Upping the happiness quotient

I went through a phase this fall of feeling very wanty a lot of the time. I hate that, especially because at my core I am really interested in reducing consumption, being happier with less stuff, and living simply. But every once in a while I catch the consumerist bug and it drives me crazy until one day I wake up and feel normal again. I don’t satisfy this bug with lots of purchasing, partly because the single-income budget does not allow for such indulgence, but also because of the minimalist values mentioned above. (Yes, even in the haze of want want want I can still find a minute to actually think–a lesson learned, no doubt, from a lot of stupid purchases made when I was younger. Many of which were returned, but still, what a huge waste of time and energy!)

Anyway, the backlash from my wanty phase this past fall is that lately I’m feeling very ascetic. Like, I don’t want to buy anything at all. I just want to get rid of stuff and pare down and spend my time doing other things besides contemplating all of the material goods I could own. I’m also feeling a strong desire to have more leisure in my life. I’m typically a go go go kind of person, yet am also strangely unproductive. It makes no sense. So I’ve decided to do more of the things I want to do and not worry as much about the stuff I feel like I should do. Certainly some of the should do’s are important and need attention, but I tend to fall into the trap of devoting way too much time to that stuff, most often in an extremely unproductive fashion, and to the exclusion of relaxation and fun. Lame.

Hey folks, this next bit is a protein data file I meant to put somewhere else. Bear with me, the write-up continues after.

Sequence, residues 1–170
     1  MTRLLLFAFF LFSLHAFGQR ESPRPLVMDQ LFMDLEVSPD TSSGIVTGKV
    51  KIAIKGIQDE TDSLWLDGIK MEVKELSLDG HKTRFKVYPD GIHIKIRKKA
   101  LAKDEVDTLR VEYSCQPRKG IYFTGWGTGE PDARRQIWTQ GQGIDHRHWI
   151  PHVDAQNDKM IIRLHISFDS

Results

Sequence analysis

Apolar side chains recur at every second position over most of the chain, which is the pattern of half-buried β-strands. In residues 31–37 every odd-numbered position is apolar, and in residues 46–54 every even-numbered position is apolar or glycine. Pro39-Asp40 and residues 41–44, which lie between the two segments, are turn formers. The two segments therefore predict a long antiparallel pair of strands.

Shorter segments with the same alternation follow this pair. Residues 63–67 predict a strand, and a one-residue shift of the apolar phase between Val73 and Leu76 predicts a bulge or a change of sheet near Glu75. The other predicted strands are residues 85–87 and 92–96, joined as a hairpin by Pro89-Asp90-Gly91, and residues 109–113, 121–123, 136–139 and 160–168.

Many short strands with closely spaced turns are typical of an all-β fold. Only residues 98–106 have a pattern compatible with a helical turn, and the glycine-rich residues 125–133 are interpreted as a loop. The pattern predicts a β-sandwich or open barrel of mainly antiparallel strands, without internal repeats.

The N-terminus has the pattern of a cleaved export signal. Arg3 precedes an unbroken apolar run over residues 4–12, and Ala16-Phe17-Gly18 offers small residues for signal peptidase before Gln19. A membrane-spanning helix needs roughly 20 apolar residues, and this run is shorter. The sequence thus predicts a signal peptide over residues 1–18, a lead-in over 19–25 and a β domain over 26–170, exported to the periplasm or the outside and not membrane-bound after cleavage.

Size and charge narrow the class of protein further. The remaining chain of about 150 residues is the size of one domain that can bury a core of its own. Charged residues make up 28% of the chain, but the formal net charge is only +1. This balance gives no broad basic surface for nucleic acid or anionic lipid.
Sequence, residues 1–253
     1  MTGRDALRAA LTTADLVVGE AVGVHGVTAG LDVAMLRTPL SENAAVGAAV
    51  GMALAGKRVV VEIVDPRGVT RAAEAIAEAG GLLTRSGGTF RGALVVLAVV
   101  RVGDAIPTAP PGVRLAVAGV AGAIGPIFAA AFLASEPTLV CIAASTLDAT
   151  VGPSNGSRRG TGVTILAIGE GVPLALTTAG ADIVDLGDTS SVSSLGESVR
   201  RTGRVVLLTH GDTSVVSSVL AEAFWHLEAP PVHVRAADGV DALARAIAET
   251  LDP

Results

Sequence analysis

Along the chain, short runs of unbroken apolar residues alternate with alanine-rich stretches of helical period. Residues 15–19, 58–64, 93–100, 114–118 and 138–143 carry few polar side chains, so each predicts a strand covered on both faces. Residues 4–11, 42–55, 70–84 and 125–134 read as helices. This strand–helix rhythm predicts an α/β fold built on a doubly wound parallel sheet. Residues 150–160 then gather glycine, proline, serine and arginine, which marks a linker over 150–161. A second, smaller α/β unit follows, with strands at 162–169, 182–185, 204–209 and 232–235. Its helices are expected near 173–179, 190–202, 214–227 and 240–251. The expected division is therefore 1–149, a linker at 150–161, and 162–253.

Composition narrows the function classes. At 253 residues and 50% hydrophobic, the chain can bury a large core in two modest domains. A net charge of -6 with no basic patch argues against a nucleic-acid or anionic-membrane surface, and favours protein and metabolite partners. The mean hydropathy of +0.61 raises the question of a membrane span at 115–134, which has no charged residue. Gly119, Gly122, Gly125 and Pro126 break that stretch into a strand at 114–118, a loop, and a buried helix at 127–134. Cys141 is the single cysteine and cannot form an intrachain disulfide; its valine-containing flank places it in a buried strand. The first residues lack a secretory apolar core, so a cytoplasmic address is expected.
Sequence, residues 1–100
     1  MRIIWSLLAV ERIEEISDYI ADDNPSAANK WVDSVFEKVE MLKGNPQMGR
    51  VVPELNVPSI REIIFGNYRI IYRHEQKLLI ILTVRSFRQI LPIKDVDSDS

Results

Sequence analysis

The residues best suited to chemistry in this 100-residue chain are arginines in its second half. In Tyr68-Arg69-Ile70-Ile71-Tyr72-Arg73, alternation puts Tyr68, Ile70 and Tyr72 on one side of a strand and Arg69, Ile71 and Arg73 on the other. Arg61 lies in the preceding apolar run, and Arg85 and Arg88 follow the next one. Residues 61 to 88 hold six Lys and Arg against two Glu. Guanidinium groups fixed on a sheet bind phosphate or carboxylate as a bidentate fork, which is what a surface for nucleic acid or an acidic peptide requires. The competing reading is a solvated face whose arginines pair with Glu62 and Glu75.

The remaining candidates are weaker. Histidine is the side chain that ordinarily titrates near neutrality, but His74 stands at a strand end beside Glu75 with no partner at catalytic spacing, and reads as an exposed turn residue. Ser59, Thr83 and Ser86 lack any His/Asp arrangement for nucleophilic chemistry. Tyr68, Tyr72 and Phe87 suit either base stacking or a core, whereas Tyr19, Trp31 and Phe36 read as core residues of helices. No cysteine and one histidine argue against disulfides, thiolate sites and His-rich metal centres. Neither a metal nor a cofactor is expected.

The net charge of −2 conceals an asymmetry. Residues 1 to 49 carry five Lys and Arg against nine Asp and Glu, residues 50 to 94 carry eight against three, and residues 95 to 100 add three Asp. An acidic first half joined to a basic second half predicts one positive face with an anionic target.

This weekend I did some things that made me significantly happier, and didn’t cost me any money. That’s kind of perfect, isn’t it? I thought I’d share these things with you in the hopes that you either identify with me or get inspired to find more happiness in your life as it is now.

  1. Painted my nails (and my toenails, but that hardly merits mention as painted toes are de rigueur por moi).
  2. Organized our bookshelf and purged the unwanted or unused books.
  3. Put three books on hold for myself at the local library.
  4. Got started on our taxes. This may not sound fun but it was actually really soothing and gratifying to have an hour to myself to get medical bills and spreadsheets organized. I like being on top of things but am usually doing our taxes at 10pm on April 14th. Reducing my stress level and being proactive = huge win!
  5. Sat down and read a magazine instead of cooking/cleaning/doing laundry. This was especially amazing. I sat in our new Eames chair with a nice snack and just relaxed for an hour without feeling guilty about the housework I wasn’t doing at that moment.
  6. Organized and cleaned out our pantry, which has been a complete disaster since we moved into our house in September.
  7. Organized  and cleaned out our freezer, which was as scary as our pantry. Now I can find stuff, and we have so much more space.
  8. Rearranged some side tables and lamps. Now we have bedside lamps! No night stands yet but who cares when I no longer have to get out of bed to turn off the light when we are done reading at night.